Saxophonist Simon Rose, a member of Badland with Steve Noble and Simon Fell, in a duo with drummer Pascal Nichols, label leader of Krayon Recordings, for an understated set of extended improvisations.
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Label: Bug Incision Records
Catalog ID: bim-49
Squidco Product Code: 16321
Packaging: Paper foldover in a plastic sleeve
Recorded in Autumn of 2010.
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1. bone artefacts constructor 10:59
2. sombrero galaxy 13:31
3. A horse breaker and a purple mare 15:49
Related Categories of Interest:
Vancouver and Western Canada
lowercase, micro-improv, sound improv
sample the album:
"Bit of a Bug Incision shared history with both of these two, in different ways. Back in 2004, the Bent Spoon Duo (at the time being comprised of David Laing & Chris Dadge) toured the UK and had the pleasure of sharing a bill with Simon Rose, who played a ferocious solo set, both us sharing the bill a trio of Neil Davidson, Raymond MacDonald, Tatsuya Nakatani. The folks at the Bug Incision camp had already been introduced to Rose's work as a member of Badland, with Steve Noble and Simon Fell.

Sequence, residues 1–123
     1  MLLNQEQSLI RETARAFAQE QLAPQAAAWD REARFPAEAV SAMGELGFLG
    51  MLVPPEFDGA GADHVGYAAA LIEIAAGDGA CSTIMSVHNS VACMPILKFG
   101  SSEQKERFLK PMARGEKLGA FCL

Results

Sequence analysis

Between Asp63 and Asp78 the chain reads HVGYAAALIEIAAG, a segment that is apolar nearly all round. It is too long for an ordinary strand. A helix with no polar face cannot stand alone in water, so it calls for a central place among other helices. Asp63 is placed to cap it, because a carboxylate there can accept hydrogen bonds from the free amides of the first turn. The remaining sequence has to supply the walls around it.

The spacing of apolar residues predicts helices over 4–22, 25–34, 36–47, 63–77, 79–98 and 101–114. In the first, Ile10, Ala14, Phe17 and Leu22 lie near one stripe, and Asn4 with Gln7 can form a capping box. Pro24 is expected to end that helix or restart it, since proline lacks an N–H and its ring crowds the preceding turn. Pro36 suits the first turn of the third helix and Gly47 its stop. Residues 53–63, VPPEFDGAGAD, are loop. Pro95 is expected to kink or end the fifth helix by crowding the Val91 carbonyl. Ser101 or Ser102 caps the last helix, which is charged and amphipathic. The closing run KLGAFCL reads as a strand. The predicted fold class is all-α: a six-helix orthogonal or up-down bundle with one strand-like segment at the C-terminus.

Nichols has been featured on the label from what might've been the quickest selling disc the label's ever done, Memoirs of a Secret Metal Cave, from Part Wild Horses Mane on Both Sides. The BI camp had been on the Part Wild... trip for a while leading up that release, as well, and the previous album from this duo, on Nichols' Krayon Recordings imprint, made a good number of spins in the CD deck.
On Sombrero Galaxy, Nichols' playing is wonderfully unhinged. That is to say, he's speaking in a language, a well-worn one in the drums & sax tradition, but underneath this first layer is a thrust to the playing that suggests a very pure and honest desire/need to be doing this stuff. He sounds utterly unable to contain himself, and this is a real nice counterpoint to all the 'improv' records that simply reinforce the criticisms often levelled at this form of playing.
His work in Part Wild Horses..., Le Drapeau Noir, and with other Manchester acolytes places him within a fairly specfic, and at this point, more firmly-established context, but to hear him with someone outside of that circle is a nice breath of fresh air, and italicizes his work very nicely indeed. Rose is in fine form, as ever, with his plethora of worthy musical propositions, along with his understated way of exhibiting his very own sense of mastery and control. Notes by Jonathan Ronler."-Bug Incision